The projected cost of $6 billion per year is too high and the program is highly duplicative with other scholarship programs such as Pell grants.
Education is primarily a state and local responsibility, not federal.
The graduation rate at community colleges is only 21%, much lower than at other types of educational institutions.
There is a whole new marketplace of non-degree credentials such as competency-based programs and micro-certifications which often provide greater variety, quality and monetary value than community college programs.
These criticisms are largely valid and should largely be incorporated into the guidelines of the President’s proposal as they are drawn up and submitted to Congress. But they miss the larger point. Today, about 30% of young people in the U.S. graduate from a four year college. Tuition and fees at public college averages $9,000 per year while the comparable cost at private colleges is $31,000. Loan debt for college graduates averages $27,000 per year, and is much higher for many. And, according to the above chart from the New York Times, educational attainment in the U.S. lags behind the rest of the developed world.
Today’s increasingly high-tech and interconnected world puts a huge premium on educational attainment and America’s system of higher education is not meeting the challenge. It is too expensive and not educating enough people, especially minorities and those with low-incomes.
The best way to address this problem in a cost-efficient manner, which is a necessity in today’s fiscal climate, is to expand opportunities at our 1100 community colleges. Community colleges are not only incredibly low cost operations, they accept all students and start them out at whatever academic level is necessary. They provide the ideal venue to lift up large numbers of average and previously-failed students and turn them into productive members of society. Boosting community college enrollments will, in turn, give our economy a big boost.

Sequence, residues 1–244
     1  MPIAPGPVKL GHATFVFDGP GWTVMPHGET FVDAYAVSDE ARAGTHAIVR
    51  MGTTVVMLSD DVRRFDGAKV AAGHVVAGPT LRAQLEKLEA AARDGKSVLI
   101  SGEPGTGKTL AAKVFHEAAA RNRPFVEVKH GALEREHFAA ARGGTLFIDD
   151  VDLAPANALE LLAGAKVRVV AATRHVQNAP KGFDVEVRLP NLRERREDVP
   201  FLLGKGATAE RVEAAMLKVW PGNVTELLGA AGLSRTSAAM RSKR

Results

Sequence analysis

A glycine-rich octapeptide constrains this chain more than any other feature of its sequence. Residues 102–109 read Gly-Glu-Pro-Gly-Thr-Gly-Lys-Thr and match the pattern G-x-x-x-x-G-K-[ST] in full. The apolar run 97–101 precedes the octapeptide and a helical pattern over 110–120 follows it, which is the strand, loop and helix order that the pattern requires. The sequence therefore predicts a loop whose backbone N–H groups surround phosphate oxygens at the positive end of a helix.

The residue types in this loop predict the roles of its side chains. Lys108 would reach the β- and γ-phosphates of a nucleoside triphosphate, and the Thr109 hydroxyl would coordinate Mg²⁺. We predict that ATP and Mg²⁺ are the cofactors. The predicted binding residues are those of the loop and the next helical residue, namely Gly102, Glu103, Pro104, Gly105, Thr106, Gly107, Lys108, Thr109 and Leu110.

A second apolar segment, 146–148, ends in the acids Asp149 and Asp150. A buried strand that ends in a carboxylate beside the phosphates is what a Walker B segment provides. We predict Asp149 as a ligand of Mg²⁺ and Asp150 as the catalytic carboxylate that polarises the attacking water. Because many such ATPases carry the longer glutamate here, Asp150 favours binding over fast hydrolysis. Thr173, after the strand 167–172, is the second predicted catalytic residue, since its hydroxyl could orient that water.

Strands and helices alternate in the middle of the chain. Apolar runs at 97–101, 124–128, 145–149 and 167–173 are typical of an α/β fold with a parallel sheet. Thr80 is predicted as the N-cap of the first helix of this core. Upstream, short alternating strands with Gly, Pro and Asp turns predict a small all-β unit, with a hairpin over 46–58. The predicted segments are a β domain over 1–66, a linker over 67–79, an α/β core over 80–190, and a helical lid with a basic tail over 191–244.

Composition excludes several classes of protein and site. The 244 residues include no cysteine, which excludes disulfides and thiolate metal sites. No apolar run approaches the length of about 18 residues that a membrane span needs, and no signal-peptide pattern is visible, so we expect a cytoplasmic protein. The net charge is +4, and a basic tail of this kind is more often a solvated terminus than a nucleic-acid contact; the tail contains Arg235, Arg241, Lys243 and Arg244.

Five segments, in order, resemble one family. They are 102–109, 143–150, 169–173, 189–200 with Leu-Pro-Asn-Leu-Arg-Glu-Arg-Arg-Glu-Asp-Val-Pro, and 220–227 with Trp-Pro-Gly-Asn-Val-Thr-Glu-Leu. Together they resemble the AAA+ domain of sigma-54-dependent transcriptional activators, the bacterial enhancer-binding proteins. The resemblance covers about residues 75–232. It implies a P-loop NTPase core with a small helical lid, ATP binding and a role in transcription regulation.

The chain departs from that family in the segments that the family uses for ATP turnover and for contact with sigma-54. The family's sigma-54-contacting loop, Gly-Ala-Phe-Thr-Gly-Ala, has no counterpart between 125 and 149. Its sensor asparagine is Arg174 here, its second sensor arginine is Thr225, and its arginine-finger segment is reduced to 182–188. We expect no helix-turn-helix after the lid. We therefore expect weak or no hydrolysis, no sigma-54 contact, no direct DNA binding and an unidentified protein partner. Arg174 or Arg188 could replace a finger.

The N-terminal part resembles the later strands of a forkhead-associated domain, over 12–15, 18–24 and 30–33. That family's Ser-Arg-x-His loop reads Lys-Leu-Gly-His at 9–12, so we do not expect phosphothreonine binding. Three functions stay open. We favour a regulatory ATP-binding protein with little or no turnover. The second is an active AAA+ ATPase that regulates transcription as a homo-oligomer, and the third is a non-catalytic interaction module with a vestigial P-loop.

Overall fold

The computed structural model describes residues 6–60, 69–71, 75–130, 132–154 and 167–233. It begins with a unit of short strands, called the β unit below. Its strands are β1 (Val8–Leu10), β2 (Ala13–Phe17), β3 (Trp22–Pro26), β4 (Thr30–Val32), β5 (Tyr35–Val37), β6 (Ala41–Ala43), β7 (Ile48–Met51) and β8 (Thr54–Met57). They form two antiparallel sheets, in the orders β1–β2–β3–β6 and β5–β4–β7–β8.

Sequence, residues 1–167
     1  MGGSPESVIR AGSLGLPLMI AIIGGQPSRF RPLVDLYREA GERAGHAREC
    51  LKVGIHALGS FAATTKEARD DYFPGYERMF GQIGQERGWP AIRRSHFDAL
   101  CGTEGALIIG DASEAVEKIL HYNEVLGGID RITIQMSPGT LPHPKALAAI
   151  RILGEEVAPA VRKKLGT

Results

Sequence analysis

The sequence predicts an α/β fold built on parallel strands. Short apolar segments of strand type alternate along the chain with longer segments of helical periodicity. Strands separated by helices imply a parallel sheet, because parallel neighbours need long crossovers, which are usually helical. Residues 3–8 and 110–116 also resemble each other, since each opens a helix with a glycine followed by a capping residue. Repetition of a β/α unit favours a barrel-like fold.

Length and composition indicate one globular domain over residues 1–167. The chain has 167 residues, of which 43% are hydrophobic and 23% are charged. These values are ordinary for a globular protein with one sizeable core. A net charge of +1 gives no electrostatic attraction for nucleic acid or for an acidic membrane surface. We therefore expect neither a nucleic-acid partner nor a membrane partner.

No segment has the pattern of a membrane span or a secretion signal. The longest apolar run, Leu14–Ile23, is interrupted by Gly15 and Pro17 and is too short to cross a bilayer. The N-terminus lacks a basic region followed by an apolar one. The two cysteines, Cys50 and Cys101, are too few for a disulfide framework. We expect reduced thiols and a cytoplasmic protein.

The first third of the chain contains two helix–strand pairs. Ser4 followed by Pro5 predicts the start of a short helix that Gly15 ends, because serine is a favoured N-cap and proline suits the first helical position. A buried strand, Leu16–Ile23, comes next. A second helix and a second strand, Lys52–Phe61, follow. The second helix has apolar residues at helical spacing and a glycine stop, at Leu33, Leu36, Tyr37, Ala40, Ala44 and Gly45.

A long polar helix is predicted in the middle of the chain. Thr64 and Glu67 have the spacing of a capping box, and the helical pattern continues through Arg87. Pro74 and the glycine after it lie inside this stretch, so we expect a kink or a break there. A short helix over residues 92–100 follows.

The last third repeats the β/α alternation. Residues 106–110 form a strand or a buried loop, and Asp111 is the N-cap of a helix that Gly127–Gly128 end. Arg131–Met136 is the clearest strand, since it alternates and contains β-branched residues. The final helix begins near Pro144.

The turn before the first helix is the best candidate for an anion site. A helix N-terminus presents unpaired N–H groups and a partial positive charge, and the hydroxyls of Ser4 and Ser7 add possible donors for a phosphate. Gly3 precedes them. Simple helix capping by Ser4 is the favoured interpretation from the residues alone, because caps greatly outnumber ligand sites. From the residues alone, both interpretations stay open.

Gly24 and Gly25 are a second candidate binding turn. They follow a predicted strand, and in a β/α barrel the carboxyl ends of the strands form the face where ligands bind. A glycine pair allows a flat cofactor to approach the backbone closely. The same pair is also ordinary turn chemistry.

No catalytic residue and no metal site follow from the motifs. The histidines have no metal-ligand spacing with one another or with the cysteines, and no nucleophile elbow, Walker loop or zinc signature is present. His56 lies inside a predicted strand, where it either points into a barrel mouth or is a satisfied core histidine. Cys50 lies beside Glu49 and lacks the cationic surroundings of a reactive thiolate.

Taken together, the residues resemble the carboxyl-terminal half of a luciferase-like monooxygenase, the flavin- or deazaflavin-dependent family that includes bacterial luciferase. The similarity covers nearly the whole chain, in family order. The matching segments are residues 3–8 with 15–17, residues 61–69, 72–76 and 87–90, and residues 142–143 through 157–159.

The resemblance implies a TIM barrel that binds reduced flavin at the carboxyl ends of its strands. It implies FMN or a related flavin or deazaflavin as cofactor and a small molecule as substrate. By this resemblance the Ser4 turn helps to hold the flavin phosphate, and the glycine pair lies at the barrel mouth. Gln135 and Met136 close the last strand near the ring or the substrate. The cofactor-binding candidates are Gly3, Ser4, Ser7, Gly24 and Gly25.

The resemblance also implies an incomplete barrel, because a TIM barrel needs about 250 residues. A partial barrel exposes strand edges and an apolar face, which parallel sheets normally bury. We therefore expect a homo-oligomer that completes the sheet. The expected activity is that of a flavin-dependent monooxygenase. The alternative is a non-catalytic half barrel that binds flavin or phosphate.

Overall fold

This is the real reason why President Obama’s free tuition plan should be taken seriously. It will shine a strong light on an educational sector whose potential is greatly under-appreciated by many Americans.
In Wednesday’s Wall Street Journal John McWhorter, an African-American professor at Columbia University, describes “A Better Way to Honor Dr. King’s Dream”. Mr. McWhorter writes that a new conversation about race, “one in which whites submit to a lesson from blacks about so-called institutional racism” is not what America needs. “Today’s struggle should focus on three priorities. First, the war on drugs, a policy that unnecessarily tears apart black families and neighborhoods. Second, community colleges and vocational education, which are invaluable in helping black Americans get ahead. And third, the AIDS and obesity epidemics, which are ravaging black communities.”
Such sentiments represent a huge dose of common sense. The African-American community needs help and cooperation from the wider society to address fundamental issues like juvenile delinquency, poor educational outcomes and unhealthy environments. But these things, as much as they’re needed, are not enough by themselves for further progress towards racial equality.
The route out of poverty for all low income people, including blacks, is to raise themselves up by their bootstraps through educational attainment and hard work. Society can and should make sure that the appropriate institutions, such as community colleges, are readily available to provide training for jobs which are out there in the private sector.
But most of all we need a vibrant economy to give lower income Americans more opportunities to work their way up the economic ladder. We have not yet recovered in a satisfactory manner from the Great Recession which ended in June 2009. This makes it all the more important for our national leaders to focus on the pro-growth policies which will get our economy humming again.